This piece has a mixture of meters. Mostly 5/4 then a brief rhythm cluster in 7/4 then ends in 4/4. This piece actually comes from a motif I played on the Warr guitar. The first 2 beats are the arpeggio that are played on the Warr. I took the rhythm of that motif and improvised this etude. The strong quarter notes at the end of most of the measures made it easy to figure out the meter. Following the etude are some alternate notations for a couple of the measures.

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Hear the etude played at 69bpm. Time 1:09

Quintuplet #1 etude

Here are some alternate ways to notate some of the figures in the etude.

quintuplet alternate notation

Example A is measure 4. You can see the 5 quarters in the space normally allocated to 3 notated with a ratio and a full bracket. The second part of the measure shows a eighth note quintuplet figure.
Example B is measure 8. Uses the same ratio bracket style as A. It breaks the last quarter note into 4 individual sixteenths.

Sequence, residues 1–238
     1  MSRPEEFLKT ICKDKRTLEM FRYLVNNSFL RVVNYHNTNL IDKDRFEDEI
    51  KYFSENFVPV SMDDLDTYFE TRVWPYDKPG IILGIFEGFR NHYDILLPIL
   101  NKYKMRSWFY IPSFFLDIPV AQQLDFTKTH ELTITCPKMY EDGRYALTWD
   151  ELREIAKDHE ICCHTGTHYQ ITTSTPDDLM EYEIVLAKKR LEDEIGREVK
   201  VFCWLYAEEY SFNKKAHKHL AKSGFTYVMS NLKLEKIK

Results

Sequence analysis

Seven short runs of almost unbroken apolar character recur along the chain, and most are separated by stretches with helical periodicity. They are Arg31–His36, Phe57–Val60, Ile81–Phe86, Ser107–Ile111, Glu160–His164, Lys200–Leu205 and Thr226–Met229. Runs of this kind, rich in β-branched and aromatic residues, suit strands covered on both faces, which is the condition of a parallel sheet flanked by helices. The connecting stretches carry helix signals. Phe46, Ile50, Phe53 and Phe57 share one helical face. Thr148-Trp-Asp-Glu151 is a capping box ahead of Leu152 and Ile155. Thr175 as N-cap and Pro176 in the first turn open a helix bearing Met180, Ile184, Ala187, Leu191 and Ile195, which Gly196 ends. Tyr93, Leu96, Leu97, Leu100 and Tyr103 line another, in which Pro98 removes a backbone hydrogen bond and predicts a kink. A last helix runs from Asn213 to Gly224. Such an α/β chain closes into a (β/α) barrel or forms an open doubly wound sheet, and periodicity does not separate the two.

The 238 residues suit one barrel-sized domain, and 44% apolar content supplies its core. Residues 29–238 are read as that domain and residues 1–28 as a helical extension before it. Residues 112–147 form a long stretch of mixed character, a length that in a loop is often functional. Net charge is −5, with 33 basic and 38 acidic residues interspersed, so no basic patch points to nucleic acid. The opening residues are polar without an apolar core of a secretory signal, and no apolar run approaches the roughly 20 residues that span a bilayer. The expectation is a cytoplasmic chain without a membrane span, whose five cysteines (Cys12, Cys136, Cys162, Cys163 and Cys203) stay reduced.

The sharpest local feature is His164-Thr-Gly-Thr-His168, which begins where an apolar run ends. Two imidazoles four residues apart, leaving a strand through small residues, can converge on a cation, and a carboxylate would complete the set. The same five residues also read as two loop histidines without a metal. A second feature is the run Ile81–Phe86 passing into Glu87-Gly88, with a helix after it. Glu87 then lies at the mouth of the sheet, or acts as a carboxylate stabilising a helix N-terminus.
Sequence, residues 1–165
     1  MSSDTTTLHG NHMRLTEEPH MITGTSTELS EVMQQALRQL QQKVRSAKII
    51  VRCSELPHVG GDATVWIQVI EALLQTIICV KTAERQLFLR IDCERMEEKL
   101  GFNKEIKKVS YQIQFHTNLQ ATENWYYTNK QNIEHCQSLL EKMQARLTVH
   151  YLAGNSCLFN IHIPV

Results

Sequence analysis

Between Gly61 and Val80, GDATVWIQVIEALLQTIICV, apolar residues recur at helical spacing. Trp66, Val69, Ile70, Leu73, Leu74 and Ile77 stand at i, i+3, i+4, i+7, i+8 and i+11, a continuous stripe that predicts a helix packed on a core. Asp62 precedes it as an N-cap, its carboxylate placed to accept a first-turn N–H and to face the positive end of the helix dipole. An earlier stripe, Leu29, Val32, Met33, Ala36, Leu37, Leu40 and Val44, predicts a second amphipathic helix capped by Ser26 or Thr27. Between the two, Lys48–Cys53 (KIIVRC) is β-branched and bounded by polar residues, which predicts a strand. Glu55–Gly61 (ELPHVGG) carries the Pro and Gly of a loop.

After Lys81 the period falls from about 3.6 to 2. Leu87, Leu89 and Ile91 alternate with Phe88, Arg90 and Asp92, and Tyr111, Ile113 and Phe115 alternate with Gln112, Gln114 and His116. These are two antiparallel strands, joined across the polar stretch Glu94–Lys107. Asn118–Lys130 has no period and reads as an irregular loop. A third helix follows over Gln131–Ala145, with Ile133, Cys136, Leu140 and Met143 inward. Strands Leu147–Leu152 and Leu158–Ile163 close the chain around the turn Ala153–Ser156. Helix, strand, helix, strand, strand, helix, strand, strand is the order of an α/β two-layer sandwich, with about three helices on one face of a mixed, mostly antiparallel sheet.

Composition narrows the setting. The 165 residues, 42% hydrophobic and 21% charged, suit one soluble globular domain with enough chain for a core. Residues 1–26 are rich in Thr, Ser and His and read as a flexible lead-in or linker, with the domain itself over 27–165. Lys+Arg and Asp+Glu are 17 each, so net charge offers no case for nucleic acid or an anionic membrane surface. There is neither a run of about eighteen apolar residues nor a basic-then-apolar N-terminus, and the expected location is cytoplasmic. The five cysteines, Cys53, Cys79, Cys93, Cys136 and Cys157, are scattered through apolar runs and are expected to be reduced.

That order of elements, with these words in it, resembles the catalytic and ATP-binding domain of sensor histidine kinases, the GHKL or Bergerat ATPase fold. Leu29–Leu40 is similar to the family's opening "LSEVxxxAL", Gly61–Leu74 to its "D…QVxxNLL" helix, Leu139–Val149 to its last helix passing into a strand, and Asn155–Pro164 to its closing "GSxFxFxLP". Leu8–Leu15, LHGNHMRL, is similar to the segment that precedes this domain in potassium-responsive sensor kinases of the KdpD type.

The final example is C measure 12. This further expands on ex. B by using the nestled polyrhythm type. The first one is 5:7. The measure normally has 7 quarter notes, but it is now broken into 5. Then we take those 5 quarters and put values of 7s (septuplets) where they might originally have been only the more normal sixteenths (4). This is a very scary way to notate a set of figures. One would be hard pressed to sight read it.
All these alternate notations have the same placement in the measure as the ones in the etude. The length of the notes is note taken into consideration. The alternate notation implys a more legato approach of the notes flowing into the next one. The etudes notation is only concerned with the start of the event and making the original beat clear and obvious.

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